Saturday, November 24, 2007

On Disney, Scratch & Dent World, and tipping etiquette

My friend D-Wright still works at the same northeast Ohio technical translation company where we met some twelve years ago – at this rate, he’s only a couple of years away from tattooing a permanent “L” on his forehead. If it’s any consolation, I got my own “L” a few months ago when I realized I might as well have majored in Elizabethan poetry, for all the good my stellar college education is doing towards my train-wreck of a career… but I digress. Last month, the company sent him down to Orlando for a military gadgets and weaponry conference in the hopes of drumming up some translating business. The war-mongers conference, as D-Wright christened it, was held smack down in the middle of DisneyTown, or whatever the hell it’s called. I guess if I was a war profiteer looking for a good place to hold a weapons conference, I’d pick the Magic Kingdom, too!!!
Disney and weapons of mass destruction – a match made in Hades.

Since I’ve got a handful of vacation days left and have zero travel plans because I’ve resolved to finish my thesis before it goes into its fourth year of ineptitude and procrastination, I took a little time off from work and drove up to DisneyTown to hang out with D-Wright Warbucks. Getting up to Orlando wasn’t a problem, since I’ve driven up there quite a few times. Once in DisneyTown, however, finding my way was an absolute nightmare. I had detailed Mapquest instructions, but they were absolutely useless. Mapquest lists the streets by their supposed name (East 160th, etc.), but DisneyTown ignores this and lists the streets with colourful but idiotic names like “Parking Lot 2: where the magic happens!” or “The Wild Kingdom.” After driving a complete circuit around DisneyTown, I finally did the unthinkable and stopped at a Hess gas station to ask for directions. The attendant there was kind enough to translate the Mapquest street names into DisneyTown lingo, and I was then able to find the hotel easily.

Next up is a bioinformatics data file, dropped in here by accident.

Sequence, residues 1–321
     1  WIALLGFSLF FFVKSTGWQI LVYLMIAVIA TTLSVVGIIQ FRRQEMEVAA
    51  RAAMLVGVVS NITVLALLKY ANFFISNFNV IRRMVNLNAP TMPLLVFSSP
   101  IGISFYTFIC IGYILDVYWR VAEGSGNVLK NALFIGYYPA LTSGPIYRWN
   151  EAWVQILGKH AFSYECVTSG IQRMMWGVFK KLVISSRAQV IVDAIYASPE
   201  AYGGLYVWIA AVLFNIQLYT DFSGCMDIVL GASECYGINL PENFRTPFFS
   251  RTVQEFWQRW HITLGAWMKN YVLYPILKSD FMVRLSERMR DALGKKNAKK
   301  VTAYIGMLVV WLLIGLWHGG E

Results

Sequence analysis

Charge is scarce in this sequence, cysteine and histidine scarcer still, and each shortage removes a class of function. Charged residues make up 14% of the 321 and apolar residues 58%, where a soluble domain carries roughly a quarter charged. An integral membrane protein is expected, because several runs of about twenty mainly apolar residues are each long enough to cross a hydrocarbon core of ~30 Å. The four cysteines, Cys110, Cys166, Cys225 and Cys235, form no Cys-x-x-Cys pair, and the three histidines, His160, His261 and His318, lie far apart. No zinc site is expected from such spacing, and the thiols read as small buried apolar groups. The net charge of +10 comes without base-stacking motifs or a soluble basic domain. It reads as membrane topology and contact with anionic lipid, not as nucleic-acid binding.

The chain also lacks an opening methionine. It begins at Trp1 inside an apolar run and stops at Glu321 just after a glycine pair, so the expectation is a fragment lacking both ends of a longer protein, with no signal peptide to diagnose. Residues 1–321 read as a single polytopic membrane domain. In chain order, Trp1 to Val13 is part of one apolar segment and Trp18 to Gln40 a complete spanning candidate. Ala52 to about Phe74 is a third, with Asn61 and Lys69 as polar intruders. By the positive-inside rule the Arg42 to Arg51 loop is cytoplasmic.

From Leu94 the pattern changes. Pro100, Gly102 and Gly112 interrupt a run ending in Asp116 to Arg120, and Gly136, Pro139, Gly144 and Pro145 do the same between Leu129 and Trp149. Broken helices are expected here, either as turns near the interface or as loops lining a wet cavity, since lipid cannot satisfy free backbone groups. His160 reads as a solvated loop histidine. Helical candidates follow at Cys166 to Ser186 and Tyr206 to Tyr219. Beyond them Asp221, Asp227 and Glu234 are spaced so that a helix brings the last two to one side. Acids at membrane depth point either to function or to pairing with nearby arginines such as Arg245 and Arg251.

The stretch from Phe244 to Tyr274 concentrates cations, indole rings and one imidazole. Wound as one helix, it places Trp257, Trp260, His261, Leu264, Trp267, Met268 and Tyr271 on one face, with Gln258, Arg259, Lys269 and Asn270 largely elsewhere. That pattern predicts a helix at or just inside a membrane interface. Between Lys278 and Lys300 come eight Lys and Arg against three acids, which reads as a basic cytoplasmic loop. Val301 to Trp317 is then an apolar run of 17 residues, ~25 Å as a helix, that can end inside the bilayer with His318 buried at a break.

The hotel in question is The Coronado Resort, an utterly ridiculous hodgepodge of Conquistador/Mayan/Aztec décor and nomenclature. The buildings, for example, were referred to as “Casitas” and “Cabañas,” while the convention center was termed “El Centro.” Why Disney chose to glorify western Europe’s exploitation and subsequent near-annihilation of indigenous Americans is beyond me. Then again, I shouldn’t be overly critical, since I have a Chief Wahoo logo tattooed on my shoulder. I guess I have no point.

The pseudo-Aztec hotel room mirror – I would have checked to see whether it was real copper, but I didn’t have my Mohs hardness kit handy.

Disney did, thankfully, stick to native plants when landscaping the grounds. Here’s a beautiful flowering cluster of Sagittaria lancifolia bordering one of the ponds (yes, the college education can come in handy every now and then):